Ombudsman investigation into the provision of rehabilitation programs for offenders in Victoria

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Victorian Ombudsman Deborah Glass today announced an investigation into the provision of rehabilitation programs and transitional services for offenders in Victoria.

The investigation was prompted by the growth in prisoner numbers and concerns with rates of reoffending and the costs to the Victorian community.

“It’s no secret that Victoria’s increasing prison population has put stress on prisoner access to education and rehabilitation programs throughout their sentences," Ms Glass said.

"This enquiry will look closely at what this means for offenders, corrections staff and the community,” she said.

A particular focus for the investigation will be the provision of programs for female and indigenous offenders.

“According to the Australian Bureau of Statistics, in 2013 more than 50 per cent of Victoria’s prisoners were repeat offenders.

"We know that well managed programs in the corrections system can have a positive impact on offenders and the broader Victorian community.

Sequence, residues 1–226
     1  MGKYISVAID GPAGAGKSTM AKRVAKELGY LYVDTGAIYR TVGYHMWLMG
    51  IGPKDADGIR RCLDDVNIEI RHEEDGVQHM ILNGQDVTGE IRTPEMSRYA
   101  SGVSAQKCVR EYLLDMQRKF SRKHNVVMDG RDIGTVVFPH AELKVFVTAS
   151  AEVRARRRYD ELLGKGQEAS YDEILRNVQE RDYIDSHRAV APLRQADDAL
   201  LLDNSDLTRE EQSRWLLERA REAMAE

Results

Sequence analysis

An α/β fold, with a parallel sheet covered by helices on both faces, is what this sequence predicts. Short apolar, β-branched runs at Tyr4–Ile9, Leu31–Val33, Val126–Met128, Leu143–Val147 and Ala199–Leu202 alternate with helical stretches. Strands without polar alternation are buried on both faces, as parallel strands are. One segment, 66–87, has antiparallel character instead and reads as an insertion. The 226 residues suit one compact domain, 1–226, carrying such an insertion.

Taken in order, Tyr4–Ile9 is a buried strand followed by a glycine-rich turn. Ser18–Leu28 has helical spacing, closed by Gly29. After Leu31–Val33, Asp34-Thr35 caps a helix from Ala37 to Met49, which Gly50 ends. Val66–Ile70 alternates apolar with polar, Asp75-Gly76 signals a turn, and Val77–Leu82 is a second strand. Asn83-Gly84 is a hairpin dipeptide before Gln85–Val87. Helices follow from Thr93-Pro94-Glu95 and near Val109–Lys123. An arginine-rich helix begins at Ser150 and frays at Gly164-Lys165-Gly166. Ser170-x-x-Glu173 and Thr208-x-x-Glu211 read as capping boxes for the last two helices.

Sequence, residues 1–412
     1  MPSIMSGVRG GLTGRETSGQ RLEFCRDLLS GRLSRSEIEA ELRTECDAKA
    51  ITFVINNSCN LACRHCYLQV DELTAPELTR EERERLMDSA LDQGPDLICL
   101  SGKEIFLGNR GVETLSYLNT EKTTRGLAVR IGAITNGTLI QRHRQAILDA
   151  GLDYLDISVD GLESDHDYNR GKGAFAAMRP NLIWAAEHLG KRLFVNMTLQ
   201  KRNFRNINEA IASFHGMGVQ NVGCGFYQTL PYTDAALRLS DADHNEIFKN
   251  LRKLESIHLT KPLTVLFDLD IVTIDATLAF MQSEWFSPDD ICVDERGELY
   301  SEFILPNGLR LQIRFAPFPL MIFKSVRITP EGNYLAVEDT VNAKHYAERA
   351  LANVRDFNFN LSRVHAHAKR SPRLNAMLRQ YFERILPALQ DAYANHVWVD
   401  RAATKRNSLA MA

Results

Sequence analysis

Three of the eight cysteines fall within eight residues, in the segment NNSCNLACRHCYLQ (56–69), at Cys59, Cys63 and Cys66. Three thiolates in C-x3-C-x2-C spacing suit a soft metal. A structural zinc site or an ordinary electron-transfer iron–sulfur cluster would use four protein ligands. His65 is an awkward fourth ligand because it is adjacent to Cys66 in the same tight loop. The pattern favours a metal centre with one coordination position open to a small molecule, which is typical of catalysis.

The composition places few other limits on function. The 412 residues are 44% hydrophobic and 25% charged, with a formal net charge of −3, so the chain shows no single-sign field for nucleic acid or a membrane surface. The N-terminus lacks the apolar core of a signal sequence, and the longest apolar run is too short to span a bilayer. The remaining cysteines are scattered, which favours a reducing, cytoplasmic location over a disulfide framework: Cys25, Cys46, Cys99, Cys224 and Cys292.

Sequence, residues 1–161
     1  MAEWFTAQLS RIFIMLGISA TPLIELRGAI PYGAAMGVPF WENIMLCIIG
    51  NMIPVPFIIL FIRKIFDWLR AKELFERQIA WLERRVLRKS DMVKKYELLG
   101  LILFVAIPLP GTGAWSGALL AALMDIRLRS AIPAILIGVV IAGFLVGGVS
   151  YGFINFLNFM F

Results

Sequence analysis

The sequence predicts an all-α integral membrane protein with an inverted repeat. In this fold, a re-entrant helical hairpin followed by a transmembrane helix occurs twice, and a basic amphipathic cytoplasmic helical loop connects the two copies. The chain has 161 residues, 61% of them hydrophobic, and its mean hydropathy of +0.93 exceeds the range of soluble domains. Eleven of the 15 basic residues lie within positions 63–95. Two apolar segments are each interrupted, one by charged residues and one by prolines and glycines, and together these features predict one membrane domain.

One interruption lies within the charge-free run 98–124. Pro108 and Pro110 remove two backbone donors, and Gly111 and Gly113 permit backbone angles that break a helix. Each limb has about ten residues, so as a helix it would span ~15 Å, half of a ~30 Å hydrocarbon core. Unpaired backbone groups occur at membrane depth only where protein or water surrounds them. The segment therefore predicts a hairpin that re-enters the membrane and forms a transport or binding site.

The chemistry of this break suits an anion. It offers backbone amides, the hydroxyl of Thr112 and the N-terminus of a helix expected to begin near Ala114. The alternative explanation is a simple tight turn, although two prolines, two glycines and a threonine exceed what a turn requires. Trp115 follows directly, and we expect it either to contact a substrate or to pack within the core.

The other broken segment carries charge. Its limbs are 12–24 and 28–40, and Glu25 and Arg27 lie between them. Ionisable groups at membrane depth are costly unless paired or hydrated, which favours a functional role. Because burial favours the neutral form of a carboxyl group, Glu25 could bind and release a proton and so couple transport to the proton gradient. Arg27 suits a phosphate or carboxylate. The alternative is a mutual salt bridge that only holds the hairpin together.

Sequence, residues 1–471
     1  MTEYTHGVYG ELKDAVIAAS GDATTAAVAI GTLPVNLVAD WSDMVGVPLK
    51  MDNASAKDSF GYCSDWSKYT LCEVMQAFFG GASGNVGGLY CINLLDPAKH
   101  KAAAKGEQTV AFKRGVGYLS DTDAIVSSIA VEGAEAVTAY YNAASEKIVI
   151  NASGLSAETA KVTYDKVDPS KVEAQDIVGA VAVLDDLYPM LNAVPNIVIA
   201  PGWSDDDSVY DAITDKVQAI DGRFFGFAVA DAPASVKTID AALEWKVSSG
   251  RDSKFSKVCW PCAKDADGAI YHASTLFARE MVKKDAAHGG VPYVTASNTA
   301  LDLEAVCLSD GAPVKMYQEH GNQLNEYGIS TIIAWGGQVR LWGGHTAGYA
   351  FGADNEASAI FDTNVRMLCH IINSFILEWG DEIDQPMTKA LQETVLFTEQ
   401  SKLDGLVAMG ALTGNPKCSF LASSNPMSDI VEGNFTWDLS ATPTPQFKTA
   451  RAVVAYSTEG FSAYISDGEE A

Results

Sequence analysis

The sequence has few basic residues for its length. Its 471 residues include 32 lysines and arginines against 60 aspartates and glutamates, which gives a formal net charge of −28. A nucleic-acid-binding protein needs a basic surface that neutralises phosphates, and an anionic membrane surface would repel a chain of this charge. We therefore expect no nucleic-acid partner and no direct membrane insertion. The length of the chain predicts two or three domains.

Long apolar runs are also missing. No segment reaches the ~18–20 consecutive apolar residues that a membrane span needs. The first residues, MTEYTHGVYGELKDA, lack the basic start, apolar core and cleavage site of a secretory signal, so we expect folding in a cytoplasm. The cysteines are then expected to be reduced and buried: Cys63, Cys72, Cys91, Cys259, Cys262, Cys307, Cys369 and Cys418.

"Adequate services must be available to prisoners on and before their release to support their reintegration into the community and to help reduce reoffending."

Prisons generate more complaints than any other state government entities subject to scrutiny by the Victorian Ombudsman.

In 2013-14, more than 3,000 complaints were received about prisons.

“I recognise the challenging circumstances in which Corrections Victoria work, and look forward to providing recommendations which will support future planning and service provision,” Ms Glass said.

The report is due for release in October 2014.

The Victorian Ombudsman is an independent officer of the Victorian Parliament who investigates administrative actions and decisions taken by state government agencies, statutory authorities and local government.

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